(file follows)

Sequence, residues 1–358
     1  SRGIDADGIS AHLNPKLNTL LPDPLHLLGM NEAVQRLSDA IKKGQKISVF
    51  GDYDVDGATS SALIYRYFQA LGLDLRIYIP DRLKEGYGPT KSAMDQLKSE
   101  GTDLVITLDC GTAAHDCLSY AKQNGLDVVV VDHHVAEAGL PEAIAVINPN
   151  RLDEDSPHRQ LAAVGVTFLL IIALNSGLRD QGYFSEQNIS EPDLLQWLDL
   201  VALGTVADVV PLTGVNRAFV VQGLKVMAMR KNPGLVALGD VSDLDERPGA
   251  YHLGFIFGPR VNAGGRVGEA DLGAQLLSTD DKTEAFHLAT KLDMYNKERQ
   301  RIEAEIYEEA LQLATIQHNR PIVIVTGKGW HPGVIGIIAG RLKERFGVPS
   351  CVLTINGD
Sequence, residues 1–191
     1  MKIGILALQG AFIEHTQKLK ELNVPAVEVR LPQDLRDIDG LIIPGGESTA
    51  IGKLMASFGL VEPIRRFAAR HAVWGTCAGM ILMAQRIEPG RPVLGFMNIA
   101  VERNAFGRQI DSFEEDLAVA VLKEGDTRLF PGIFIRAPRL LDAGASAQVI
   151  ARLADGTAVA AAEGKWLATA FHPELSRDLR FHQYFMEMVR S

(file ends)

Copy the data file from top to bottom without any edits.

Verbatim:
Sequence, residues 1–358
     1  SRGIDADGIS AHLNPKLNTL LPDPLHLLGM NEAVQRLSDA IKKGQKISVF
    51  GDYDVDGATS SALIYRYFQA LGLDLRIYIP DRLKEGYGPT KSAMDQLKSE
   101  GTDLVITLDC GTAAHDCLSY AKQNGLDVVV VDHHVAEAGL PEAIAVINPN
   151  RLDEDSPHRQ LAAVGVTFLL IIALNSGLRD QGYFSEQNIS EPDLLQWLDL
   201  VALGTVADVV PLTGVNRAFV VQGLKVMAMR KNPGLVALGD VSDLDERPGA
   251  YHLGFIFGPR VNAGGRVGEA DLGAQLLSTD DKTEAFHLAT KLDMYNKERQ
   301  RIEAEIYEEA LQLATIQHNR PIVIVTGKGW HPGVIGIIAG RLKERFGVPS
   351  CVLTINGD
Sequence, residues 1–191
     1  MKIGILALQG AFIEHTQKLK ELNVPAVEVR LPQDLRDIDG LIIPGGESTA
    51  IGKLMASFGL VEPIRRFAAR HAVWGTCAGM ILMAQRIEPG RPVLGFMNIA
   101  VERNAFGRQI DSFEEDLAVA VLKEGDTRLF PGIFIRAPRL LDAGASAQVI
   151  ARLADGTAVA AAEGKWLATA FHPELSRDLR FHQYFMEMVR S